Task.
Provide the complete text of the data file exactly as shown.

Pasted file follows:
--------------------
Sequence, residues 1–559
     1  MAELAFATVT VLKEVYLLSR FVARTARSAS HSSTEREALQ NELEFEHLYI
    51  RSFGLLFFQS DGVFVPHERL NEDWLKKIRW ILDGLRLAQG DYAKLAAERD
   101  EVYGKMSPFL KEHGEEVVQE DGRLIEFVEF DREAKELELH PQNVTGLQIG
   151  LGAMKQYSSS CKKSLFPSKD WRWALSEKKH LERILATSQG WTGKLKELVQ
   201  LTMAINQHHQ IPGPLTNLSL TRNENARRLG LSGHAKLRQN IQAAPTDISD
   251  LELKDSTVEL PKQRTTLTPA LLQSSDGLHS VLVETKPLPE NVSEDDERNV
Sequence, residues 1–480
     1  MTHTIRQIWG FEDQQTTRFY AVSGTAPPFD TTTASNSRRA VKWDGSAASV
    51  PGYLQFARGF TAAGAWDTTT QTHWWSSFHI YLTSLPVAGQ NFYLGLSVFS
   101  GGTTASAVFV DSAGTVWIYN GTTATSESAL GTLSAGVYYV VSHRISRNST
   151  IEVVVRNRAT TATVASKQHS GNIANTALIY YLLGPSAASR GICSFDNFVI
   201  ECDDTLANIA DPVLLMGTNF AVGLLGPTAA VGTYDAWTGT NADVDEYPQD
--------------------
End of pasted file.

Sequence, residues 1–559
     1  MAELAFATVT VLKEVYLLSR FVARTARSAS HSSTEREALQ NELEFEHLYI
    51  RSFGLLFFQS DGVFVPHERL NEDWLKKIRW ILDGLRLAQG DYAKLAAERD
   101  EVYGKMSPFL KEHGEEVVQE DGRLIEFVEF DREAKELELH PQNVTGLQIG
   151  LGAMKQYSSS CKKSLFPSKD WRWALSEKKH LERILATSQG WTGKLKELVQ
   201  LTMAINQHHQ IPGPLTNLSL TRNENARRLG LSGHAKLRQN IQAAPTDISD
   251  LELKDSTVEL PKQRTTLTPA LLQSSDGLHS VLVETKPLPE NVSEDDERNV
Sequence, residues 1–480
     1  MTHTIRQIWG FEDQQTTRFY AVSGTAPPFD TTTASNSRRA VKWDGSAASV
    51  PGYLQFARGF TAAGAWDTTT QTHWWSSFHI YLTSLPVAGQ NFYLGLSVFS
   101  GGTTASAVFV DSAGTVWIYN GTTATSESAL GTLSAGVYYV VSHRISRNST
   151  IEVVVRNRAT TATVASKQHS GNIANTALIY YLLGPSAASR GICSFDNFVI
   201  ECDDTLANIA DPVLLMGTNF AVGLLGPTAA VGTYDAWTGT NADVDEYPQD